Clofarabine (Clolar)

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General information

Class/mechanism: Purine analog, inhibits DNA synthesis and repair by inhibiting ribonucleotide reductase and competitively inhibiting DNA polymerases. It also causes apoptosis by disrupting the integrity of the mitochondrial membrane, triggering the release of cytochrome C and apoptosis-inducing factor, which are pro-apoptotic mitochondrial proteins.[1][2][3]
Route: IV, PO
Extravasation: neutral

For conciseness and simplicity, currently will focus on treatment regimens and not list information such as: renal/hepatic dose adjustments, metabolism (including CYP450), excretion, monitoring parameters (although this will be considered for checklists), or manufacturer. Instead, for the most current information, please refer to your preferred pharmacopeias such as Micromedex, Lexicomp, UpToDate (courtesy of Lexicomp), or the prescribing information.[1]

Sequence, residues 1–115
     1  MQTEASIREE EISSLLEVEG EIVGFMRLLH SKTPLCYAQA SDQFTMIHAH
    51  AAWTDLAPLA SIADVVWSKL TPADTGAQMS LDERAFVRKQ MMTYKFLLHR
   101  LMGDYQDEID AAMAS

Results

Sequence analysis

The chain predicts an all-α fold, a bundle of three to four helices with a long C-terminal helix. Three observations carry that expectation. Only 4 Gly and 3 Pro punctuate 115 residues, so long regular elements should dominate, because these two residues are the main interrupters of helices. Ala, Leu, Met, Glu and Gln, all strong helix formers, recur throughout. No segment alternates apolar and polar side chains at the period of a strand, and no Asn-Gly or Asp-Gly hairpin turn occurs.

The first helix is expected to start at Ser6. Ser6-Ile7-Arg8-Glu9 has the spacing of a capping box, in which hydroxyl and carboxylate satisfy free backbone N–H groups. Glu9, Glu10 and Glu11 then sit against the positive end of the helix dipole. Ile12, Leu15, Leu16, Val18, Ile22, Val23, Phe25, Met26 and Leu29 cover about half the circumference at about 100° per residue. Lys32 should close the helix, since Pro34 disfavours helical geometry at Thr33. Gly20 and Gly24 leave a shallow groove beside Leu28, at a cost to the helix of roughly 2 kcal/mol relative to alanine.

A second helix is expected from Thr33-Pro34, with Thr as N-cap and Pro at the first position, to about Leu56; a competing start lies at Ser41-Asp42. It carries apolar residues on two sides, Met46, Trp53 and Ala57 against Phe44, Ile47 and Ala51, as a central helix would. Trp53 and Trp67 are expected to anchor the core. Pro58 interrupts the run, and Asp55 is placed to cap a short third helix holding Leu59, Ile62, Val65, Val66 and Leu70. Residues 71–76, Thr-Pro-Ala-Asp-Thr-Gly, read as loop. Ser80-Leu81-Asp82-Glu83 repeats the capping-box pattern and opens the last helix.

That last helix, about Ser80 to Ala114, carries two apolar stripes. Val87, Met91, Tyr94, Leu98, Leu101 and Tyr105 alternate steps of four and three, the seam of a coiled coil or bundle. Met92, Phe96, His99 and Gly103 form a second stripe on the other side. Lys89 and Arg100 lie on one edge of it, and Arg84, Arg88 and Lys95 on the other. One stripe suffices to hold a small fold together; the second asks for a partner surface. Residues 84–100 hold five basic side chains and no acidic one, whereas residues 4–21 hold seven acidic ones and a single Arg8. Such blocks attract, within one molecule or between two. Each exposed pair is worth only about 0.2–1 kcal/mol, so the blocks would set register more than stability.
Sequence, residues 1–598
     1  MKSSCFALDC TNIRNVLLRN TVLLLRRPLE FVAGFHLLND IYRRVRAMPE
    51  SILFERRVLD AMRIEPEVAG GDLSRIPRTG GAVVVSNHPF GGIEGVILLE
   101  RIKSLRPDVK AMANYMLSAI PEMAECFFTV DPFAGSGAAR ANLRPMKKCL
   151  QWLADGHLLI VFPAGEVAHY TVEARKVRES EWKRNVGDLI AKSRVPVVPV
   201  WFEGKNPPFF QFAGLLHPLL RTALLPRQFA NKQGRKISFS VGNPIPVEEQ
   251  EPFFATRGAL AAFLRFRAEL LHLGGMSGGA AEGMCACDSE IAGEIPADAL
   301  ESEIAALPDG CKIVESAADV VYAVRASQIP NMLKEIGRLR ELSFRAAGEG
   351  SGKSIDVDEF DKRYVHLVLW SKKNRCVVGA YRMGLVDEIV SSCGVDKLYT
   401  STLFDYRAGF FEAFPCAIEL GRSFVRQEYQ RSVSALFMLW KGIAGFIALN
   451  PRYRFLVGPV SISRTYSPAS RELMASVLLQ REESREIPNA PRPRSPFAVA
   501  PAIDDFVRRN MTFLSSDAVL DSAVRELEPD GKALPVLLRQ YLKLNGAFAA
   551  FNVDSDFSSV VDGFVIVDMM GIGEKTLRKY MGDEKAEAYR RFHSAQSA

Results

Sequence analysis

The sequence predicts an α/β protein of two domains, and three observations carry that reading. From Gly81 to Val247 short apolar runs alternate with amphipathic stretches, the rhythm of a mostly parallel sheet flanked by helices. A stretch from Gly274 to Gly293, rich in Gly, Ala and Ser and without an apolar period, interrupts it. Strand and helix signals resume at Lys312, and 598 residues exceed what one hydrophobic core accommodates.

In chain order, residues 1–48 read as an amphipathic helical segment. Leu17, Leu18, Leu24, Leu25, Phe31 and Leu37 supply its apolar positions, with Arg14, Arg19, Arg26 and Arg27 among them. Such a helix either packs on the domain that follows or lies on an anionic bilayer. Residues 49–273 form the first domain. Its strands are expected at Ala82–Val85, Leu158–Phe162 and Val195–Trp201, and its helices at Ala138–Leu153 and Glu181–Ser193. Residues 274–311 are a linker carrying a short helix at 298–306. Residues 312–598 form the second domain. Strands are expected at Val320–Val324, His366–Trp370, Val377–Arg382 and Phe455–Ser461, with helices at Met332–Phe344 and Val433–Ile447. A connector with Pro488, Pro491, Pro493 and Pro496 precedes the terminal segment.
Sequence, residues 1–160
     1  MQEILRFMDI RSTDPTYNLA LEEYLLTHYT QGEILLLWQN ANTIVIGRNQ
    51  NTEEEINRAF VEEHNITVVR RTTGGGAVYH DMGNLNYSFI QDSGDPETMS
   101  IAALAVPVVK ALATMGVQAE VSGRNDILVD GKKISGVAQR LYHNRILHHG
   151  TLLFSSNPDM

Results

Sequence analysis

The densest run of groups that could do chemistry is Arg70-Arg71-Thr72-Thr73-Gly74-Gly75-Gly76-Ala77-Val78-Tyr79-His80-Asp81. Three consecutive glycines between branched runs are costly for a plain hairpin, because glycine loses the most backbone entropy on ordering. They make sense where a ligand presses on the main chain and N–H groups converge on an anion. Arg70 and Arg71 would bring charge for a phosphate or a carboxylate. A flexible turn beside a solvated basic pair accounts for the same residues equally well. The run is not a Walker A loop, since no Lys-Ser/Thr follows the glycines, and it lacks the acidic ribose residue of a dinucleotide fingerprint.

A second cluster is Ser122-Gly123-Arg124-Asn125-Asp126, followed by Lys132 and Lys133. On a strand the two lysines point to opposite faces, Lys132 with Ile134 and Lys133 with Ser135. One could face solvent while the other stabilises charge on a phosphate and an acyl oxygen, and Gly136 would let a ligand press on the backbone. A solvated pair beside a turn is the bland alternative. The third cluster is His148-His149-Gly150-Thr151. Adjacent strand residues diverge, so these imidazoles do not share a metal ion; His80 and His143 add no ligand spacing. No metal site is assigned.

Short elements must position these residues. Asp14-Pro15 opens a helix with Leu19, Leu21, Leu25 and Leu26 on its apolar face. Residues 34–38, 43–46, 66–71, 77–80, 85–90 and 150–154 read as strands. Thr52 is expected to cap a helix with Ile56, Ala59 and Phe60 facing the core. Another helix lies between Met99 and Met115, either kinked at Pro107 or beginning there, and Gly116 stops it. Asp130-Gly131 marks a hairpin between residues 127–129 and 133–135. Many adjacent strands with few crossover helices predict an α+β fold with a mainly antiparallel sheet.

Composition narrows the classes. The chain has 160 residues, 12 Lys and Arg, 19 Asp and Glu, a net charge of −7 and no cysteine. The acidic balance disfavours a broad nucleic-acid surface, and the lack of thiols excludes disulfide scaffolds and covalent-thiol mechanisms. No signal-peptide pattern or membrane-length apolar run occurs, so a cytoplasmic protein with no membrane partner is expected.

Diseases for which it is used

Patient drug information

History of changes in FDA indication

  • 2004-12-28: Accelerated approval for the treatment of pediatric patients 1 to 21 years old with relapsed or refractory acute lymphoblastic leukemia after at least two prior regimens. (Based on Jeha et al. 2003 & CLO212)
    • 2022-07-18: Converted to regular approval

History of changes in EMA indication

  • 2006-05-29: Initial authorization as Evoltra

History of changes in Health Canada indication

  • 2009-07-16: Initial notice of compliance

History of changes in PMDA indication

Also known as

  • Generic name: klofarabin
  • Brand names: Clolar, Evoltra, Evorabin, Ivozall